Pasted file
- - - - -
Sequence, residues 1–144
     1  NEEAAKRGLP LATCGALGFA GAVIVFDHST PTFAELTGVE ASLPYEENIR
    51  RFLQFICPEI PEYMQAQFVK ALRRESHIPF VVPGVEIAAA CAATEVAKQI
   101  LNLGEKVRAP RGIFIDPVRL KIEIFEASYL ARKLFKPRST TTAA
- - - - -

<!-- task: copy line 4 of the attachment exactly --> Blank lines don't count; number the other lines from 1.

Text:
   101  LNLGEKVRAP RGIFIDPVRL KIEIFEASYL ARKLFKPRST TTAA